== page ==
“…A Delicate Balance of Comedy and Tragedy”
Chekhov is arguably the second-greatest dramatist in history. In this, his most biographical of plays, Chekhov, who died six months after the play premiered in 1904, meditates on the last days of czarist Russia through the story of a feckless, aristocratic family whose ancestral estate must be auctioned to pay off the mortgage.
Then, adding to that painful turn of events is more distressing news. Their treasured cherry orchard is to be cleared for a housing development of summer cottages for the new middle class. Humor and hope dominate Chekhov’s twilight elegy to his treasured past, as translated by Paul Schmidt, and pointedly directed by Maria Cominis (“All My Children,” “Desperate Housewives,” “One Life to Live”).
The play is a delicate balance between "subjectively painful" and "objectively comedic" perspectives on life, and the ability to link the catastrophic with the trivial in a dramatic form, erasing the boundaries between comedy and tragedy.
In Director Cominis’ interpretation of "The Cherry Orchard," she reminds theatergoers that the century-old-plus play is at its heart a comedy, and she illuminates her scenes with broad, bittersweet and warmly wry comic moments.
Topping a formidable cast, Isobel Beaman gives a stately, luminous performance as the foolishly extravagant, debt-ridden Ranyevskaya, which she invests with grace and dignity, avoiding any fluttery or frivolous approach.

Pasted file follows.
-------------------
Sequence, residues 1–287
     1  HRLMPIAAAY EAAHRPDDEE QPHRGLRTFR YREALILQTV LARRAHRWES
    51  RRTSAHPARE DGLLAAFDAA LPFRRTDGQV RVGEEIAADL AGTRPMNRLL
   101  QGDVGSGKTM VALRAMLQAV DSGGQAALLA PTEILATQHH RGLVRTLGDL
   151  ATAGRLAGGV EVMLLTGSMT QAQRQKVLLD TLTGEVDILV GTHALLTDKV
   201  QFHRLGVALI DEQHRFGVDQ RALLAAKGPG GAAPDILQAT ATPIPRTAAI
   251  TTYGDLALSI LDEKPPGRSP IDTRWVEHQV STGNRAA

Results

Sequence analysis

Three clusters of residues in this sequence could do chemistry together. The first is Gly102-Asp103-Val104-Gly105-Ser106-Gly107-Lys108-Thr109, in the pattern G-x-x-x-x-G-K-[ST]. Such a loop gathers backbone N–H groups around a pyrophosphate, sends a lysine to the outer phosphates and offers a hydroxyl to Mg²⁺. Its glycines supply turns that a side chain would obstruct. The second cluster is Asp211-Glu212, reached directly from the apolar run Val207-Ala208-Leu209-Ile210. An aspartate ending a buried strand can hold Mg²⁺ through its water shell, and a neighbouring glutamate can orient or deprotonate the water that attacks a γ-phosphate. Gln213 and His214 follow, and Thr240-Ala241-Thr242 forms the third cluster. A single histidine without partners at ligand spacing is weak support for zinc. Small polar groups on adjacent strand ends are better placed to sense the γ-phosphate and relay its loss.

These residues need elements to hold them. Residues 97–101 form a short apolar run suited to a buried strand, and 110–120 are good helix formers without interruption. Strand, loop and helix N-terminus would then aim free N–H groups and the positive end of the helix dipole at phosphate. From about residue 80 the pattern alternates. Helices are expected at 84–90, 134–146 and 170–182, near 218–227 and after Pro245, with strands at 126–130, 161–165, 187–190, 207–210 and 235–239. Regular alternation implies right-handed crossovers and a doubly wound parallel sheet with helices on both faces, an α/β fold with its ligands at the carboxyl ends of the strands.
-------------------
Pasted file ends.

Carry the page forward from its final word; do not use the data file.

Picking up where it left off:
A middle-aged Russian woman, she is one who has been an aristocrat all her life, and cannot see life except from that perspective. She has faced tragedy many times in her life also, or rather has tried to escape from it. Her first name, "Liubov," means "love" in Russian, and she seems to exemplify love with her generosity, kindness and physical beauty...and sexual nature; she is the only character in the play with a lover. But even when talking about her disastrous love affairs or the pain of her child's death, she is ever correct and elegant. Her feelings of love very often cloud her judgment. She also seems unable to control her spending habits, another sign of her disconnection from her present status as an impoverished aristocrat.
The resourceful Miguel Torres portrays the pampered and self-centered Gayev, Ranyevskaya’s poetically inclined windbag brother. It is inspired casting—Mr. Torres brings a breezy, indifferent playboy flavor to the role. He has several intriguing verbal habits, frequently describing tricky billiards shots at odd and inappropriate times. He will also launch into overly sentimental and rhetorical speeches before his niece, Anya, stops him, after which he always mutters "I am silent" at least once. Gayev is a kind and concerned uncle and brother, but behaves very differently around people not of his own social class.
Bernard Hefner is a blustery and practical Lopakhin, a wealthy merchant and former serf who rose from the peasant class to become the new landowner, mainly defined by a no-nonsense practicality and energy that makes him unable to sit still when he senses work is waiting to be done. His grandparents were in fact owned by the Ranyevskaya family before freedom was granted to the serfs. Lopakhin is always extremely self-conscious, especially in the presence of Ranyevskaya, perpetually complaining about his lack of education and refinement.